Drilling through the full tang


3 types of steel are used to ensure that a client’s needs are best suited.

The 80crV2 (1.2235): This is a tough steel suitable for large knives likely to undergo high stress (e.g. camp knife, bushcraft knife, outdoor knife, bowie knife etc.)

The 115W8 (1.2442): Comprising 1.15% carbon and 2% tungsten this is ideal for very thin and long-lasting cutting edges and for knives where the sharpness of cut is most important (kitchen knives, small fixed blades, skinners and folding knives)

The 14c28N: A stainless steel made by Sandvik. This steel offers very good resistance to corrosion and yet remains particularly easy to re-sharpen. It accepts a very keen cutting edge and is perfectly suited to all types of small knives as well as kitchen knives.

Heat treatments

Great importance is placed on heat treatments. Numerous tests are undertaken for each type of knife according to its purpose.

Heat treatments are carried out by way of specialist high quality tools (heat treating furnace, quenching oil, heat treat foil, aluminium quench plates etc.). Each type of steel is treated by its own process and according to the end use to which the knife is to be put.

Very close attention to detail is paid to this operational stage, which is essential for producing a high quality knife. These techniques ensure that the optimum quality of the chosen steel is achieved.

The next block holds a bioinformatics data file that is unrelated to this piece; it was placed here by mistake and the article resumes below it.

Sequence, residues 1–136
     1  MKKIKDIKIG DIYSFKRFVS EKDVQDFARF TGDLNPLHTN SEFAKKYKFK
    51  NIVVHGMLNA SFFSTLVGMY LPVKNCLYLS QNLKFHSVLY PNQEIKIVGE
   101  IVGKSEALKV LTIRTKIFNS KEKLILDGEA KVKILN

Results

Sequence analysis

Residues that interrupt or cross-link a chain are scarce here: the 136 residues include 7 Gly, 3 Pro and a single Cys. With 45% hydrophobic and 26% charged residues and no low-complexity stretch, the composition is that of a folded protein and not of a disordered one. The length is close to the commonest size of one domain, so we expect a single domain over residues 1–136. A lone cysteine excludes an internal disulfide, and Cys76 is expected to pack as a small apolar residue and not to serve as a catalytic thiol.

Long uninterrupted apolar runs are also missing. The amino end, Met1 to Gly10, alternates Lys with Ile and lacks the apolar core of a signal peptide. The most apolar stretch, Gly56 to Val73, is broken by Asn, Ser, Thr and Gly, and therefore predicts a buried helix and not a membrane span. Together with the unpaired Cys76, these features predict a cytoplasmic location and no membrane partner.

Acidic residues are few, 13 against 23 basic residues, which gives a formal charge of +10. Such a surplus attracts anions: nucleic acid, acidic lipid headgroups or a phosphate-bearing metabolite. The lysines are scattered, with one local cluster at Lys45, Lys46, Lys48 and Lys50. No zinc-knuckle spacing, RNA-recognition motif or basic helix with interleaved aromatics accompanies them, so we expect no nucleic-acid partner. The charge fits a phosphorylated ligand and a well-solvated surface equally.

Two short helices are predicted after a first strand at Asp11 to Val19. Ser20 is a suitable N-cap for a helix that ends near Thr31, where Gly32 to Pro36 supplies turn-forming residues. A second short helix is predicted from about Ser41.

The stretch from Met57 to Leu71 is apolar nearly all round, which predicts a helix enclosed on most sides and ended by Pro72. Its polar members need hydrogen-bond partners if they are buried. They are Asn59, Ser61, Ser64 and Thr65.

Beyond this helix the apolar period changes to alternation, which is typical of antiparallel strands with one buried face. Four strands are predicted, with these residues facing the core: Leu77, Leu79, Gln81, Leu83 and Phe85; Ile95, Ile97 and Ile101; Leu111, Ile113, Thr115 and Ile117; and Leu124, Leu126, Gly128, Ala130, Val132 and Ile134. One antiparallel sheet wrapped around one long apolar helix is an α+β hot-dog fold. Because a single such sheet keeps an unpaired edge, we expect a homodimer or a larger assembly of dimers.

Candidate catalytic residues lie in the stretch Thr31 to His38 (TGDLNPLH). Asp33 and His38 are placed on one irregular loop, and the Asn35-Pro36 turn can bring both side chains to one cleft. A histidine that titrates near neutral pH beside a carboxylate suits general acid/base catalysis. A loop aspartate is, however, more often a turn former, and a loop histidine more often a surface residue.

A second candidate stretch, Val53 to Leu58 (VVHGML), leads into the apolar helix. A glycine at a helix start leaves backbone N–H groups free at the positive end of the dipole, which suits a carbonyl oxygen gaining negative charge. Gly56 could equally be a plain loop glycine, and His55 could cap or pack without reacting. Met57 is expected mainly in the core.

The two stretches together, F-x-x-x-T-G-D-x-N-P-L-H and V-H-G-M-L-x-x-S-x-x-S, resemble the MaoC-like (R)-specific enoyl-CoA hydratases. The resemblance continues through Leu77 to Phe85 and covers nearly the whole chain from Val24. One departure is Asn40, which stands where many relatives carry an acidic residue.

Heat treating furnace

Tooling the knife handle

Materials for the handle

A wide selection is possible. The materials chosen will vary according to the aesthetic style and end use of the knife.

These can be synthetic (e.g. micarta, G10) or natural (wood, horn, bone etc.)

Synthetic materials are extremely resistant, solid and completely rotproof. It is the perfect choice for knives liable to be affected by humid conditions and where cleaning and maintenance can be done easily (marine knife, kitchen knife, hunting knife etc.)

Natural materials offer a warm feel and appealing look. They will mature with age over the years. Depending upon the type chosen, occasional cleaning and maintenance may be necessary.


Sheaths can be produced in leather or kydex. Both materials present a number of advantages.

Kydex affords great resistance to wear over time. It is 100% rotproof and cleans very easily. These sheaths are slim and light, provide excellent retention, are secure and can be carried in many different ways. Prices are less than leather sheaths.

Leather is a natural and high value material suitable for producing sheaths with excellent hold characteristics (wet molded leather) and with many alternative ways of carrying them. Working with leather provides scope in form and colour to enable really stylish and personalised sheaths to be made.

Making a leather sheath